Separating man from machine


Welcome to another edition of South Africa’s favourite business monthly as we fire-up the engines on another pulsating year, which is make or break for a flagging economy.

It has been pleasing to see some direction emerging after the ANC presidential race, as Cyril Ramaphosa takes the reigns as the next contender for the hot seat. The veteran political head and successful businessman has had his up and downs over the years, with some sticky moments during his time in the mining sector.

If elected there will be a honeymoon period for the economy, which has already shown signs of promise, but only time will tell for long-term predictions. One thing is certain, many South Africans are ready for change, and Ramaphosa brings hope.

He is undoubtedly a master negotiator with keen business savvy, which if used wisely can benefit South Africa where people with real business acumen in key government positions have been scarce at times.

The Fourth Industrial Revolution continues to steal the headlines too as, for example, farm robots are developed and rolled out that can pick and sort food. It is only a matter of time before we face a sink or swim scenario locally, with our labour-heavy workforce, especially in agriculture.

Will we see a similar scenario, as in the motor industry where a certain amount of product needs to be made in South Africa to avoid import duty? In a similar way, will a time come when by law a certain percentage of jobs need to be ‘performed by humans’ and not AI. If not, how can we protect jobs?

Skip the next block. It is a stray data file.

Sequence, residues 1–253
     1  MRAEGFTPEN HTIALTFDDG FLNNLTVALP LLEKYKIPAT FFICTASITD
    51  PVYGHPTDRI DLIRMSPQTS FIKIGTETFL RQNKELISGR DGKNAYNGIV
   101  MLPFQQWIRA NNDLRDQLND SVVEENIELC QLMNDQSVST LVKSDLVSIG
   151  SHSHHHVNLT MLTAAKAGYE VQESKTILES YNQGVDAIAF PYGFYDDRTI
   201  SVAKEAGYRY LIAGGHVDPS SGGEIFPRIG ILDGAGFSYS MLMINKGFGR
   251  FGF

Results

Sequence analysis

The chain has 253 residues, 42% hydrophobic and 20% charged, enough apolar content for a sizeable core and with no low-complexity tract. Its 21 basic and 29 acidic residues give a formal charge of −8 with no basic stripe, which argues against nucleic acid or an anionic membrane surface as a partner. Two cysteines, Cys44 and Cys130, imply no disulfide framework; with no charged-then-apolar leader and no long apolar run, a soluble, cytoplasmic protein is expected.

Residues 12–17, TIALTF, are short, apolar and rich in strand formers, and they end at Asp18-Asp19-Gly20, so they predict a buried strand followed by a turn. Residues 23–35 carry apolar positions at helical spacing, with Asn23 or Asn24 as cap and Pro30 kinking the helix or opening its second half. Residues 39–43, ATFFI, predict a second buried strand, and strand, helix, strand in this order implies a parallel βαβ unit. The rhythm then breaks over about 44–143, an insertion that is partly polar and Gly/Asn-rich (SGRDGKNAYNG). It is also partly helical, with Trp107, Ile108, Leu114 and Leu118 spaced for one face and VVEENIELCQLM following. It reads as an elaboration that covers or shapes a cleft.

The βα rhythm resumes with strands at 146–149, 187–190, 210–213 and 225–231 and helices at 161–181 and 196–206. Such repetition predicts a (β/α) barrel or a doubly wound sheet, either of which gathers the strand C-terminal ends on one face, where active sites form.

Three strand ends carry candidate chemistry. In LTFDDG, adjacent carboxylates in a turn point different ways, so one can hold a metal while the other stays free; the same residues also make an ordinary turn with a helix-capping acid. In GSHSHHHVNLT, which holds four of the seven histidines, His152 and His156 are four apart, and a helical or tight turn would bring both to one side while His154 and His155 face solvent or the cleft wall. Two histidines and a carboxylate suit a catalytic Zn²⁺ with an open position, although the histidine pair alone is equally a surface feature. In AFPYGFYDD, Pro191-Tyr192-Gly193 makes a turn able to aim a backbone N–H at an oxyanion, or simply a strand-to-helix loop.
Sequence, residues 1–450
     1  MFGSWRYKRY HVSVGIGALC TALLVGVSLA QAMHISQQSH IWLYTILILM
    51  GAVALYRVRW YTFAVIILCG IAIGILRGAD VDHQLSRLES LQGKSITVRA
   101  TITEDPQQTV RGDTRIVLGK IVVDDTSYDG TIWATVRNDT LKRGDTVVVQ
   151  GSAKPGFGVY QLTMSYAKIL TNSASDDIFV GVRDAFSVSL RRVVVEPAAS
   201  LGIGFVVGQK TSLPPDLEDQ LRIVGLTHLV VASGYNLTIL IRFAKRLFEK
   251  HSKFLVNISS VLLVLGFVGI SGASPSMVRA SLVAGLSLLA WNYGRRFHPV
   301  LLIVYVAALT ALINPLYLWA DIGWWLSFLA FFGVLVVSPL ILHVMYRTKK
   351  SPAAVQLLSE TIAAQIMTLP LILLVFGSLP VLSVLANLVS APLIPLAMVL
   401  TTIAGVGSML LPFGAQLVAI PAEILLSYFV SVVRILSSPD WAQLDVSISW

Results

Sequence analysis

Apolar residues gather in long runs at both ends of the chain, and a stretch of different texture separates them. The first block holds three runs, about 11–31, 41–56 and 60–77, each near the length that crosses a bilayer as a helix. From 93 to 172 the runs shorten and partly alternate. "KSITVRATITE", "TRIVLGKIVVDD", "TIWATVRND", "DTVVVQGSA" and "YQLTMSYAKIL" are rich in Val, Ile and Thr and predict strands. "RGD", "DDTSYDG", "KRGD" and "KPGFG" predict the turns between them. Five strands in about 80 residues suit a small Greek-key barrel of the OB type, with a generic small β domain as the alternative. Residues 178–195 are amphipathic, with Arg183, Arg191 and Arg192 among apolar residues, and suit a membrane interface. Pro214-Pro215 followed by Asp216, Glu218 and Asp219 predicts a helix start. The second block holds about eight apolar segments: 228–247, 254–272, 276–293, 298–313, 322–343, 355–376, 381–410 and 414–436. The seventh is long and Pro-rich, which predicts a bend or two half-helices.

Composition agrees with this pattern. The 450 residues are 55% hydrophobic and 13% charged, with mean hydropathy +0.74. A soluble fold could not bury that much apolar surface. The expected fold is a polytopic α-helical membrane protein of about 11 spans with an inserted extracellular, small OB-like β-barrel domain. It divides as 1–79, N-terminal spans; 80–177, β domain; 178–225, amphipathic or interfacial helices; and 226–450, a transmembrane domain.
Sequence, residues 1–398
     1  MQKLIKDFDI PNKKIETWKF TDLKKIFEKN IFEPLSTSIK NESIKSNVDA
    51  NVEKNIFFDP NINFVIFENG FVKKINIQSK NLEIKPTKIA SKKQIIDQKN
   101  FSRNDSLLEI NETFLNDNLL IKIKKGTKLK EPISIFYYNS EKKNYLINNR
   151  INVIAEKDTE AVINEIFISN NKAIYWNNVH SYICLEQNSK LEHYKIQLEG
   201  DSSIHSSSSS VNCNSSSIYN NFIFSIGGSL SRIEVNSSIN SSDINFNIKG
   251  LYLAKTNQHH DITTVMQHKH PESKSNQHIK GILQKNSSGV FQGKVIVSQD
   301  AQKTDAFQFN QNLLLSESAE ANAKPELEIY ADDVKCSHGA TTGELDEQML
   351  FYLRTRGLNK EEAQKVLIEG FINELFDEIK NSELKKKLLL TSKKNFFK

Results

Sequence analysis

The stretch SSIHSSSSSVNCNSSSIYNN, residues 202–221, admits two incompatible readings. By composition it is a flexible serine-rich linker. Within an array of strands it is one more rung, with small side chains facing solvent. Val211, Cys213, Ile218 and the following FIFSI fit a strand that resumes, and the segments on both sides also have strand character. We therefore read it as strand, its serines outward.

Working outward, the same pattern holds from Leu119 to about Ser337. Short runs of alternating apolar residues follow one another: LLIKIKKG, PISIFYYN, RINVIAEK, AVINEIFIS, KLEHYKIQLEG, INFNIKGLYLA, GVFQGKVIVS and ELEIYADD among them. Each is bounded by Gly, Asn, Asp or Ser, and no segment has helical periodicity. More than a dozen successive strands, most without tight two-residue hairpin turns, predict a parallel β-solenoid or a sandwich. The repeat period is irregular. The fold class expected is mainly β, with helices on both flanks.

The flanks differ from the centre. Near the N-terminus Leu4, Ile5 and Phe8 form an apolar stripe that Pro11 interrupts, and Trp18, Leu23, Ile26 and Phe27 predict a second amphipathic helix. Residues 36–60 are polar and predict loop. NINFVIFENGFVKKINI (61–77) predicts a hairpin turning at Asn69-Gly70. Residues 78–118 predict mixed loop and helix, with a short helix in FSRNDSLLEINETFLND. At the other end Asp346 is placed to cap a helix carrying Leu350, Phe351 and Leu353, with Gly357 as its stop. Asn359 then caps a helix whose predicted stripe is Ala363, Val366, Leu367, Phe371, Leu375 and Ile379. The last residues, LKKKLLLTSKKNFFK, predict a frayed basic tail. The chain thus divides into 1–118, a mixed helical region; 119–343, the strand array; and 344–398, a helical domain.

If companies are allowed to go full AI, in less than 20 - 30 years some semi and skilled jobs will be replaced altogether. What then, what are the job prospects for the next generation? It will redefine society as we know it and the value of your skill set.

It is also fascinating to read about how AI actually works. Instead of designing a robot that knows how to do X, Y and Z, a more human progression of learning is applied.

A robot starts off with a child-like mind and is then programmed to start learning new skills, for example, a new language in four hours, becoming a chessmaster or learning accountancy. It does not come out of the box complete, but rather ‘updates’ itself with various skills.

It has been found that the biggest key to learning is regret. For example, people who don’t regret poor decisions never learn, because they are unaware.

Therefore AI is programmed to acknowledge when it makes a mistake, and learn from it. The ultimate question is, can AI show compassion, real compassion, because for me that is what separates man from machine.

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Issue 414


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